The trickier part is sending the print data in the form of PCL commands. All PCL commands start with the <ESC> character followed by the command identifier. Note that PCL commands are not terminated by newline characters. Any text that follows a PCL command is simply printed as text on the page, unless it is preceded by the <ESC> character and recognized as another PCL command. Any newlines within the PCL commands are interpreted for printing.

The first PCL command you have to know is the reset command:


In general this is the first command you send to reset the printer and start a new page. For example, to start a new page and print "Hello World" at the top of the page you would send this:

<ESC>EHello World

Notice that there is no space between the PCL command and the "Hello World" text. It's not needed!

Moving Around The Page

Now, what if we want to print "Hello World" somewhere else on the page? In this case you can use the PCL move commands:

Hello World

This moves 150 units along the X and Y axes respectively. Notice that no newline characters appear between the commands. I write out the text using newlines for readability, but they don't appear in the actual commands sent to the printer.

Since both move commands use the *p command prefix we can actually combine them into a single command, like this:


Notice that the "x" is in lowercase. When commands with the same command prefix are combined, then only the last command suffix is spelled in uppercase. In this case "Y" is last, so it is spelled in uppercase and the "x" in-between is in lowercase.

So far so good. Now you are probably wondering, what are the units that I am moving around with? This depends on the printer defaults, but we can explicitly specify it using some handy PCL commands:


These two commands set the dots-per-inch (DPI) resolution of text and graphics operations respectively. In this case I am setting the resolution to 150 DPI. That means when I move 150 units I am moving 1 inch on the page along each axis. Nice!

Let's See Some Colors

Wouldn't it be nice to print in color? This requires a couple of PCL commands to be set up correctly. First we need to tell the printer to use the RGB color space:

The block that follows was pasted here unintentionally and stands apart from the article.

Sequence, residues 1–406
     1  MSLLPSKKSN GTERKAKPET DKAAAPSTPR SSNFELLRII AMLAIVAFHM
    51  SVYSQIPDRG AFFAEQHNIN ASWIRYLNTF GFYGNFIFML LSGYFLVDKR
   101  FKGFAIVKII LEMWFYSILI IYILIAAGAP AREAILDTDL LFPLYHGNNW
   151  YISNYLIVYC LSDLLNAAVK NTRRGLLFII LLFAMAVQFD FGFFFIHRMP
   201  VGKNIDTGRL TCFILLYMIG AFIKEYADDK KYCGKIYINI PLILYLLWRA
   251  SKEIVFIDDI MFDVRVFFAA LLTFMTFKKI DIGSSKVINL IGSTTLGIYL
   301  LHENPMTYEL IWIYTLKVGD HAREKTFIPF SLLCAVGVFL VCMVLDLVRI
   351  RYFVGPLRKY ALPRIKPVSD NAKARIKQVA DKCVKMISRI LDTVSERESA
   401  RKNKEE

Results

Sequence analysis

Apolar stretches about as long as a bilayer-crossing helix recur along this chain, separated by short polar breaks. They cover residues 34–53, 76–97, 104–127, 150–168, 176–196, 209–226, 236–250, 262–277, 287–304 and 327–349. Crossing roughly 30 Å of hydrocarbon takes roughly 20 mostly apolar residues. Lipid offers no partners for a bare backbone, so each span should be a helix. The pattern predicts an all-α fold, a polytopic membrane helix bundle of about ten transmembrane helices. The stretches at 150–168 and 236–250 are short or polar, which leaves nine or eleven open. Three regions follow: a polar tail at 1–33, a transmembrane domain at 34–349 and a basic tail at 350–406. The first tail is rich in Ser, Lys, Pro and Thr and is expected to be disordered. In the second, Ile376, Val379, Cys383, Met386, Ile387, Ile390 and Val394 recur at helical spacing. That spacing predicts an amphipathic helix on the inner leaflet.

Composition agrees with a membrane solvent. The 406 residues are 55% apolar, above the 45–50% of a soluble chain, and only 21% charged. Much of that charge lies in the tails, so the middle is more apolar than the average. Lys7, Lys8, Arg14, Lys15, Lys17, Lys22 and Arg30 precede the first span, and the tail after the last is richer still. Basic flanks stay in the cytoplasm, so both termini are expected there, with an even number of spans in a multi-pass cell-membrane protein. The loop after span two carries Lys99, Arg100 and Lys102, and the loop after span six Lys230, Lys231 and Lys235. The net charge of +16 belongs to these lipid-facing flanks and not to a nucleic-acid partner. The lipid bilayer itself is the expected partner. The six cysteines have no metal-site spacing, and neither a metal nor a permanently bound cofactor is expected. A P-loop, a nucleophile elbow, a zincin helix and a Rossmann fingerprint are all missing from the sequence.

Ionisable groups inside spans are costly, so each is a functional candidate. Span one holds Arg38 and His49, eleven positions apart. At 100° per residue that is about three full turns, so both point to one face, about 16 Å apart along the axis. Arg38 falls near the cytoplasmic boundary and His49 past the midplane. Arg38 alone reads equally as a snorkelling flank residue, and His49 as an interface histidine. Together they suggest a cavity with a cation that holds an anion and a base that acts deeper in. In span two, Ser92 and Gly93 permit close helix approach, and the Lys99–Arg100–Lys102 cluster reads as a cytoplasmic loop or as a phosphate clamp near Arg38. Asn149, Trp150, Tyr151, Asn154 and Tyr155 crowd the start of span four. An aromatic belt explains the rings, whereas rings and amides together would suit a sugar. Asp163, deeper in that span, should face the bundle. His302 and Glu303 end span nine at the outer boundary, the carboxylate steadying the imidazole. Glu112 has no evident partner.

This selects the RGB color space with 8-bits per pixel. Next we need to specify the color we want to use:


Notice that there are three components to this command: red (a), green (b) and blue (c). In this case I am selecting the color red with no green or blue. Finally I need to store the selected color in a color palette and select it for use:


This command first assigns the color to palette index 0 (the i command) and then selects that palette (the S command).

Very nice. If I were to write some text or draw something it would now come out in red. You can even combine all of these commands into a single command string since they all use the *v prefix:


Note that the "W" command to select the RGB color space is really only needed once and could be sent at the beginning right after the reset command. If you are printing a large document it can significantly reduce the document size to not include extra commands when not needed. That's also why you combine commands into one string, so you don't have to include the <ESC> character all the time.

Let's Draw Some Graphics

Now that we can draw text and use colors, how about some graphics? Here are the basic commands to fill a box on the page:


This fills a box 300 dots (2 inches) wide along the horizontal axis and 150 dots (1 inch) high along the vertical axis. The "5P" command at the end selects the current color palette. So in our case the box would be filled in red.

Using these commands you can also draw box outlines. You would simply fill very narrow boxes for each side of the box outline that you are drawing. The narrow box you are filling in effect becomes a line and four lines make ... another box! Makes sense, right?

Putting It All Together

I've provided a quick overview of the most useful commands and how they all fit together. There are many more PCL commands to select font family, size, style, etc. and also draw boxes in different fill patterns. You can find a reference of all these commands in the HP PCL5 Technical Reference Manual.

PCL includes a number of common fonts. If you want to use other font families you have to first upload them to the printer, which is something that I didn't need to do. It's also possible to upload bitmap images or TIFF images to the printer, again something that I didn't get into. All of that is explained in the reference manual.

Once I had enough experience with the basic PCL commands I put together a nice Java class similar to the "java.awt.Graphics" class. The constructor accepts an OutputStream as a parameter and the class will write all PCL commands to the output stream. It provides methods to start a new document, set the font/color, draw text, draw lines, etc.

While it's pretty basic this class does everything I needed. I could draw text with different styles and also draw little line and bar graphs. I can't share the code for this here, but hopefully my post gives you enough ideas to implement it yourself.

More Resources

Here are a few more useful resources: